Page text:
The biggest scandals in sports history have focused on athletes cheating to make extra cash, or on league officials and arbiters such as umpires and referees – nearly always with financial gain as a motive. After they were caught, athletes have sometimes faced enormous fines and even lifetime bans from their sport, while league officials have been charged with criminal behavior. (These are the athletes most often sidelined by suspensions.)
24/7 Tempo has compiled a list of some of the most talked-about corruption scandals in sports, drawing on sports sites such as Sports Illustrated, NFL.com, and ESPN, as well as general media outlets including the Daily Mail, ABC News, and Forbes. The list is by no means comprehensive, but was assembled based on the impact each scandal had on an individual or a particular sport. (In sports and otherwise, these were the 24 biggest scandals last year.)
The most frequent corrupt behaviors in sports on our list are bribery, match-fixing, betting, and point-shaving. Bribery has occurred in international events such as the Olympic Games and soccer’s World Cup tournament, as well as in college basketball and football.
Potential host nations offered inducements to officials of the Olympic Games committee and FIFA, the international soccer federation, to cajole them into selecting their country for their epic events.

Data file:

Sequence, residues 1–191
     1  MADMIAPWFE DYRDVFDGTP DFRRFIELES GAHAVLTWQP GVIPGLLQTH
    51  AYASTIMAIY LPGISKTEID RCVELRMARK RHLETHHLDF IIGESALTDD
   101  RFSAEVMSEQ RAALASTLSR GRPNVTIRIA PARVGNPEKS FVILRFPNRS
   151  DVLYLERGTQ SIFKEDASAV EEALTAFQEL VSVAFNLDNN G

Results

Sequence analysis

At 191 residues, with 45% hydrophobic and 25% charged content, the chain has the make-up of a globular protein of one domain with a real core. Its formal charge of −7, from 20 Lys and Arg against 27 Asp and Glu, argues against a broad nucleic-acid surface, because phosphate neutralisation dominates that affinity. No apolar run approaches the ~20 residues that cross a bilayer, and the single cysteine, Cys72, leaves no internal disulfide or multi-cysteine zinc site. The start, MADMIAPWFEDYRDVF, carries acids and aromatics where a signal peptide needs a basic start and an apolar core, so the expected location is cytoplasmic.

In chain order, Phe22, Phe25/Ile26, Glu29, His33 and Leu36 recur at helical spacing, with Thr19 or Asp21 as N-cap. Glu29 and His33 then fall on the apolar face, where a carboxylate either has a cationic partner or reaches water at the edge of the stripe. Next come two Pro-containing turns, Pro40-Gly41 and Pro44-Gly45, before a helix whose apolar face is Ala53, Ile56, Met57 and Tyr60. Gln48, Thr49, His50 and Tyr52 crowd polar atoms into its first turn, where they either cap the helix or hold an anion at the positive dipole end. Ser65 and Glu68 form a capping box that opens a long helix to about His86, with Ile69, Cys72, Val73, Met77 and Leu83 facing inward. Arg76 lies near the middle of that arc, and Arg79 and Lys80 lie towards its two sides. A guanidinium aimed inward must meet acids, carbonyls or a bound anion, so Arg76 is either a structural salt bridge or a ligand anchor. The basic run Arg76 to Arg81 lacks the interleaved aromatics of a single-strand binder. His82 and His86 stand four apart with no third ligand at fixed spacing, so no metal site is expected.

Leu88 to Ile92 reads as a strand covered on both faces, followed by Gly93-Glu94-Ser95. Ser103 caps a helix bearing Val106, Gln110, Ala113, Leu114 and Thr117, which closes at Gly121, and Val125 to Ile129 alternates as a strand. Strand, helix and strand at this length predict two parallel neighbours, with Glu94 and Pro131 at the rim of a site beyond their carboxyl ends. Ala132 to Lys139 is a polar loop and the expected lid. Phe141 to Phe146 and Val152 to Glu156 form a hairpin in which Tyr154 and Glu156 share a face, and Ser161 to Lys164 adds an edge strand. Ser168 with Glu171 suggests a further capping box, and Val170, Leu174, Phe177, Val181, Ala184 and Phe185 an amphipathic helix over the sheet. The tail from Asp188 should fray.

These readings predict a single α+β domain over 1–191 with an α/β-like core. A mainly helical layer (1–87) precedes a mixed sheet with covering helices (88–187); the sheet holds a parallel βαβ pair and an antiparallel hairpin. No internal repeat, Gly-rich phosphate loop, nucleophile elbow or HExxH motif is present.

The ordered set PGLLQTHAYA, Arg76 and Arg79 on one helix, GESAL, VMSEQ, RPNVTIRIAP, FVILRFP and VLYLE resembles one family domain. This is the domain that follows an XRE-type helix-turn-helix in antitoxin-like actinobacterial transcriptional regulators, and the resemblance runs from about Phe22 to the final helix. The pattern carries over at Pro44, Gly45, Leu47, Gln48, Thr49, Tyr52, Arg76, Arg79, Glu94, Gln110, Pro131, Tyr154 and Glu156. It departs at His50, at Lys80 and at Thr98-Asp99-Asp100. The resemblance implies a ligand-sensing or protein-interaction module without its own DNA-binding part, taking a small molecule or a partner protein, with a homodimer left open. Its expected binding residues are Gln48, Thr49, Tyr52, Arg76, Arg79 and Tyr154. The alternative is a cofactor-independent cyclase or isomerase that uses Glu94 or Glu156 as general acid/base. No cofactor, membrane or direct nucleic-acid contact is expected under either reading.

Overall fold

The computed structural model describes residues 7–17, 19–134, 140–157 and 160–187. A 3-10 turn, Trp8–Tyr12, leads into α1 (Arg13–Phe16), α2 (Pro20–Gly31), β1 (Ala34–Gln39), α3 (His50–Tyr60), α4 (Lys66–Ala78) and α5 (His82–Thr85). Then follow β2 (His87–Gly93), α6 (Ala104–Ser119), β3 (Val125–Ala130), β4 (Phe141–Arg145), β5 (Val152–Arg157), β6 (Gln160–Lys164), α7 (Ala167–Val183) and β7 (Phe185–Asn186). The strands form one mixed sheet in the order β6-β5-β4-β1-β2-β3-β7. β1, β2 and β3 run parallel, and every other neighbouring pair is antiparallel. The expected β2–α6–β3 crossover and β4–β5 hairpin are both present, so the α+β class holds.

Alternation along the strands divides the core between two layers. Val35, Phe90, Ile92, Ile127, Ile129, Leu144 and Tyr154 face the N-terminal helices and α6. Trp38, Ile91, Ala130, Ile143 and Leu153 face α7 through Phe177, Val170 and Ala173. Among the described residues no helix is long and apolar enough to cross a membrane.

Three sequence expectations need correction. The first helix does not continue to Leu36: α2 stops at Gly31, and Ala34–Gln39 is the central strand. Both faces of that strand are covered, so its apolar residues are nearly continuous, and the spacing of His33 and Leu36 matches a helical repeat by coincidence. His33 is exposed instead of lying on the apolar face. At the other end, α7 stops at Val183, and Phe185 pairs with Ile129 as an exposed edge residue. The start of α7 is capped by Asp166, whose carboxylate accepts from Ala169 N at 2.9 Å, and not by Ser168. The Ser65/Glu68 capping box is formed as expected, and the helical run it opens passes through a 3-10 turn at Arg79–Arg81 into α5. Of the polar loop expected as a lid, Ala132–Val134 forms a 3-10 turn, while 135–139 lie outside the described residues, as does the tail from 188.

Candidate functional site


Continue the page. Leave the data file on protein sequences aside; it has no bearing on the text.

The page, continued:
Match-fixing has soiled sports such as soccer, cricket, Major League Baseball – even snooker. A match-fixing scandal in cricket tainted the reputation of South African star Hansie Cronje. The worst scandal in the history of baseball occurred in 1919-1920 when the heavily favored Chicago White Sox threw the 1919 World Series.
Pete Rose, baseball’s all-time hits leader, was banned for life from the game because he bet on his team, the Cincinnati Reds. Tim Donaghy, a former referee in the National Basketball Association, was snagged by the FBI for wagering on basketball games and manipulating their outcomes.
College basketball has had many instances of point-shaving schemes, including one involving the basketball squads of City College of New York and six other schools in 1951, and more recently, the Boston College team in the late 1970s.
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